Ela Bhatt, veteran cooperative organiser, founder of the Self-Employed Women’s Association of India (SEWA), gave the keynote at the plenary on committing to our cooperative identity for positive change.

Calling for a feminine-led “economy of nurturers“ based on “100 mile communities” to ensure accountability and sustainability, Ms Bhatt reaffirmed her lifelong commitment to the cooperative identity. She said the cooperative movement is committed to the future of humanity “through freedom and self rule”.

Ms Bhatt, who is also a founding member of the Elders, a group of global leaders working for peace, justice and human rights, said her life since founding SEWA in 1972 has revolved around unionising and organising India’s poor rural and urban women workers.

SEWA discovered that its members wanted to be freed from the grip of exploitative money lenders who charged 10% interest a day; in response, in 1974 SEWA formed the first women’s cooperative bank.

“The cooperative is an answer to poverty in any country,” said Ms Bhatt.

The relationship with bank members gave SEWA closer insight into their lives; investigating the cause of large number loan defaults, it found that 21 of 50 women given loans had died in childbirth.

With no health or social safety net in place for women, SEWA decided to create its own, creating health and life insurance cooperatives.

“The cooperative being a collective, by creating an identity of its own, also establishes the individual identity of the members,” she said.

For a woman dairy farmer, cooperative membership brings ecognition as a worker in the supply chain rather than an anonymous part of the national workforce, with status as a producer and owner, with an income and dividend. “She has gained visibility, voice and representation.”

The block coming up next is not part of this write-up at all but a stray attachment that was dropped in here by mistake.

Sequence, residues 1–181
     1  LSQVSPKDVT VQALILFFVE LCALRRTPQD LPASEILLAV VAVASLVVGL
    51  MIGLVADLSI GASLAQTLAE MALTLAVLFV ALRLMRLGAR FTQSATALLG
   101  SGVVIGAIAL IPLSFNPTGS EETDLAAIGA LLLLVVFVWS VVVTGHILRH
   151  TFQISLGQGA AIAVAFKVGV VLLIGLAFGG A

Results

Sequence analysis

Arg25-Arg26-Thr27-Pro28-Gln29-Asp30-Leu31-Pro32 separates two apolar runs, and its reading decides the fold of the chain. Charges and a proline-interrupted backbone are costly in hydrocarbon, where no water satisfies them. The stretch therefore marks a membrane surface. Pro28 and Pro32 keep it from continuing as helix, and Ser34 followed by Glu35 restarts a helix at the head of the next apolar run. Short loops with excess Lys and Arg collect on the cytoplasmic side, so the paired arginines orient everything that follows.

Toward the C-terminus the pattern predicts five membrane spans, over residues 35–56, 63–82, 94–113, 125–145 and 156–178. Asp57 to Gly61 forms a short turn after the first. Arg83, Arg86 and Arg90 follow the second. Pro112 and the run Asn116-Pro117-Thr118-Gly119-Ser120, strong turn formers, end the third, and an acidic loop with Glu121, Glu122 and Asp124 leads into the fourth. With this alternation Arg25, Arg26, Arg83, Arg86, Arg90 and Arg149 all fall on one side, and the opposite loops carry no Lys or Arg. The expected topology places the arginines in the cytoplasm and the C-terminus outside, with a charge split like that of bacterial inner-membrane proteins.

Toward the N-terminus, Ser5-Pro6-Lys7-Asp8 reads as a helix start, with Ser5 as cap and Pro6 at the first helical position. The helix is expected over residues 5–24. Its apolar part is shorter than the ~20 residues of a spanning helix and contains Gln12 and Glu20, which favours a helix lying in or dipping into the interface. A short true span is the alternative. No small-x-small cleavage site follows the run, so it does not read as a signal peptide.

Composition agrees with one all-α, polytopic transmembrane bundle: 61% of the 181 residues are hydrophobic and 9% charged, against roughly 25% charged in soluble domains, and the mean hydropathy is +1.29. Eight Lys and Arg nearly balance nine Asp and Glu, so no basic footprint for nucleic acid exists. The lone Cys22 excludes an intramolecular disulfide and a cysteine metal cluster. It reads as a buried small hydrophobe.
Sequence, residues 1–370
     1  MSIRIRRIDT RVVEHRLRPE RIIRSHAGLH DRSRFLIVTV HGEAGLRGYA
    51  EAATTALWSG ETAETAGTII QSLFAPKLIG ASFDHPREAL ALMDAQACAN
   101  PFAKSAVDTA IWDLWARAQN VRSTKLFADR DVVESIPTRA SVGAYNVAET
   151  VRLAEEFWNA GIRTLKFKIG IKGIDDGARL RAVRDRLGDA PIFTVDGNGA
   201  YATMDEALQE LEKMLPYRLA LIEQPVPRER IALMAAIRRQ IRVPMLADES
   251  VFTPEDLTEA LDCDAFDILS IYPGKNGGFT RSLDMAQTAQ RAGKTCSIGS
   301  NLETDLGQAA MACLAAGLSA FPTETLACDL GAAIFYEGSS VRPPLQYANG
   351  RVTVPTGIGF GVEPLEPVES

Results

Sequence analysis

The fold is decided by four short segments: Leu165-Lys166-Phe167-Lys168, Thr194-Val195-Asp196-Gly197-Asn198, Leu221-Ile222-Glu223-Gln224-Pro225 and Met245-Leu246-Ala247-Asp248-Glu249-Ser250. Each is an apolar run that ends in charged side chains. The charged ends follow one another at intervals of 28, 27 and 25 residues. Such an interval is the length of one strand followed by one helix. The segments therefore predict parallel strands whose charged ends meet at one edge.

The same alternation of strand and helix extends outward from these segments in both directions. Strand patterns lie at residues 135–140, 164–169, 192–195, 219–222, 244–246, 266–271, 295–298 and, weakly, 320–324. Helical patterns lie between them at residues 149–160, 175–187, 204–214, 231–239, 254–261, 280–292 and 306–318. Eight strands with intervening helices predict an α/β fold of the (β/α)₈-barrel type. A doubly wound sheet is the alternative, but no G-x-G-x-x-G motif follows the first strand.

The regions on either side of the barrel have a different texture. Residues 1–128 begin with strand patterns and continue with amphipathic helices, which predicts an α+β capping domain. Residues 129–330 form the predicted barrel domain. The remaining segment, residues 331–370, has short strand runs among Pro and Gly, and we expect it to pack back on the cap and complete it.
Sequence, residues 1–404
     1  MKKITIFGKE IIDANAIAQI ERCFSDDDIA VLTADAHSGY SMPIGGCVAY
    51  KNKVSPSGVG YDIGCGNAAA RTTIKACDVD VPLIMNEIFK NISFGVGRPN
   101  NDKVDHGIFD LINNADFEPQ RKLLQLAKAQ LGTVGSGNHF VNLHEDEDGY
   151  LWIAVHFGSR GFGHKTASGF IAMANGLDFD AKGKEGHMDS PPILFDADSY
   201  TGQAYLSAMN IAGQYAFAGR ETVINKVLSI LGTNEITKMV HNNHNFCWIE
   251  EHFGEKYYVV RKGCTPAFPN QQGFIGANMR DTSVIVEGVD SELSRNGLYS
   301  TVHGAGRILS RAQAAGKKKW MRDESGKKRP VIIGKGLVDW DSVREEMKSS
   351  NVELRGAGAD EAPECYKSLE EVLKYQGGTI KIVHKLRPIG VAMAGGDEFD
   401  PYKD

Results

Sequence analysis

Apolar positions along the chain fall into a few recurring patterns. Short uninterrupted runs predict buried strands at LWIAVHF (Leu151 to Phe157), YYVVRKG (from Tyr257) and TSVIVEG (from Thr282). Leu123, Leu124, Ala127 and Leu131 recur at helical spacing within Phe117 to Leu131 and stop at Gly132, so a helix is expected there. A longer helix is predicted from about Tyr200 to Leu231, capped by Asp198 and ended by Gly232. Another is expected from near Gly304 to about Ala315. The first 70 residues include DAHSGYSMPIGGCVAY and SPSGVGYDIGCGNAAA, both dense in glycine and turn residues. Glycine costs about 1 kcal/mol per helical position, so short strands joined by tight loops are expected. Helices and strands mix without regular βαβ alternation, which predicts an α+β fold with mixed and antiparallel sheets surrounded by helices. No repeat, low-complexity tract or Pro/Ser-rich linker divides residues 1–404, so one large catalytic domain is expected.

This work – which makes cooperatives “preservers of peace, agents of change” – is vital with poverty becoming more widespread and work being central to the life of the poor.

Formal work and informal work is a false divide of work, added Ms Bhatt. “All work is precious work”, but there is pressure to promote only those types of work which serve the global economy; others are dismissed as unproductive.

It is the duty of cooperatives to change this limited concept of work, said Ms Bhatt, and build “an economy of nurturers”.

Being a nurturer comes naturally to human beings, she said, and they can create “an economy that plants trees and does not go on cutting trees”, which is based on collaboration, not competition.

Ms Bhatt advocates the “100 miles principle” of a decentralised economy, which cuts the distance between producer and consumer, government and people – as well as reducing carbon footprints.

“The 100 mile community has a human scale that allows for voices to be heard and problems to be solved; the shorter the distance the more accountable we are to each other,” she said.

Cooperatives will be more viable in this system, and services like healthcare and banking would improve, she argued. “Our cooperatives will be local in origin but its direct benefit will be nurturing for people everywhere”, using the cooperative movement’s immense human and social capital.

The application and ownership of technology is very important and will decentralise the economy of nurturers, she added: “The user will be owner, manager, producer, beneficiary.”

Women will be the key to creating this economy of nurturers, she said, by thinking communally and globally. “We all live under one sky, we breathe the common air … we draw our water from the common ground, we draw our food from the same earth”. Women’s participation brings sustainable solutions, she said; they are workers, providers, caretakers, educators and networkers.

She does not mean to exclude men with these ideas, she added, and said: “It is a feminine way of thinking that I trust. We do honour the feminine within men, the feminine is closely linked to nature, it has no time-bound goals, but values.” Cooperatives can respond to the need to put decision-making back in the hands of people, she said, and are well placed to meet the world’s primary needs: food, shelter and healthcare.